Starring: Spencer Tracy, Robert Young, Walter Brennan, Ruth Hussey
Screenplay: Laurence Stallings, Talbot Jennings
Director: King Vidor
Those who want to avoid repeating history are sometimes doomed to watch it.
King Vidor was a respected film director from the Silent Age who transitioned into talkies and even made a film in 1980, a career spanning seven decades. And judging by his body of work, he had no fear of nearly impossible novel adaptations, as judged by his attempts at Ayn Rand’s The Fountainhead and Tolstoy’s War and Peace. Still, Northwest Passage can’t have been easy, and in fact, this film only adapts the first book, Roger’s Rangers.
I’ll be honest: this one was hard to get through. It involves a young artist played by Young who is fleeing possibly hanging for critical comments about the government. After getting drunk, he ends up in Rogers’ Rangers, a military outfit run by Major Rogers (Tracy), and they’re going to find a passage through French territory to the West. This will involve male bonding, hardship (eating a handful of corn a day, which made me think, isn’t corn basically indigestible and lacking calories?), homesickness, madness (some guys run right off a cliff, one guy cackles madly about his Indian head trophy, and this is way before Apocalypse Now), mutiny, rousing speeches by Rogers, what had to be appalling-smelling, buckskin-clad genitals, resourcefulness (nice scene where Rogers has the men form a human chain to cross a rapid river), and a very ugly section where they killed tons of mindless Indians.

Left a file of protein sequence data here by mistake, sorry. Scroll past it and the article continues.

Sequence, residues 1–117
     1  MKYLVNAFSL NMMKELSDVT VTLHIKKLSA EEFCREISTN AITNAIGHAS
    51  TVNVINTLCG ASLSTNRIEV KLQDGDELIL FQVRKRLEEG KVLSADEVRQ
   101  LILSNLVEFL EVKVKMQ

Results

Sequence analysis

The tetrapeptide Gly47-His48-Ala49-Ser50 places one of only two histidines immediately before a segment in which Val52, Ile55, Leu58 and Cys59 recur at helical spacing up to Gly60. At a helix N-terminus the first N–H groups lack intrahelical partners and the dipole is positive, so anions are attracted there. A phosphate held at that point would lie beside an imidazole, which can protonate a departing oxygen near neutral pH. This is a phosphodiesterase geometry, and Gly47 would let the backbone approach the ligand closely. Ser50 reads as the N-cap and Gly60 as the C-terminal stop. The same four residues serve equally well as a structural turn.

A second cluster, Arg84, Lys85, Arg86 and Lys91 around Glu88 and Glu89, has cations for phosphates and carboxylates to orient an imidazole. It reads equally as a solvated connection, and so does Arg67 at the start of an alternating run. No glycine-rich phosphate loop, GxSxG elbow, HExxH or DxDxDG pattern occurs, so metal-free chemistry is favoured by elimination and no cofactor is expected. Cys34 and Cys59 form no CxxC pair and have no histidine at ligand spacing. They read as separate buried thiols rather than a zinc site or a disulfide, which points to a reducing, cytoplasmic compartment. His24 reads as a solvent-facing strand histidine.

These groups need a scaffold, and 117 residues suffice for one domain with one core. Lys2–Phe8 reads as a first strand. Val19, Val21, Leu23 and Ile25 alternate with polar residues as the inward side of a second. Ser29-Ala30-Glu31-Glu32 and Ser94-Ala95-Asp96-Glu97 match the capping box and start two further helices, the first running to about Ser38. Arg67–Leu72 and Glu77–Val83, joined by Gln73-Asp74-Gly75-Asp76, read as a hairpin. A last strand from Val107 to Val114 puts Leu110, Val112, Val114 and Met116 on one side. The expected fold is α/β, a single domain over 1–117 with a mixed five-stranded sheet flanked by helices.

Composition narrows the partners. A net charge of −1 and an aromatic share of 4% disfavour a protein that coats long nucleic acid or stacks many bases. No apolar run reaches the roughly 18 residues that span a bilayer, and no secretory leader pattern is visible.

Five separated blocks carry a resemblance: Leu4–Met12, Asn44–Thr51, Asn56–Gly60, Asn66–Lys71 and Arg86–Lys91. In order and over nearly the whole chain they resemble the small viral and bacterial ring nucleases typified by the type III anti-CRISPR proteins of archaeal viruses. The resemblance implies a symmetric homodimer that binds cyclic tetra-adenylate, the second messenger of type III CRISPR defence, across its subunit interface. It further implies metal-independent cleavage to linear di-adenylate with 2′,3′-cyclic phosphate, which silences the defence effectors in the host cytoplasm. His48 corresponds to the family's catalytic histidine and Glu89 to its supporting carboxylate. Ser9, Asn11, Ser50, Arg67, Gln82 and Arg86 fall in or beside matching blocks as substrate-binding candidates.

Young is charming as the young second male lead, though there’s no time spent on his relationship with his girl, Tracy is commanding even with a fake ponytail, and Brennan is typically great, even with a rarely exposed bald spot and a fake gap in his teeth. Vidor shoots some very nice scenes and gets fine performances from his cast. the problem is it’s hard to keep track of just what the point is, and it’s just too long.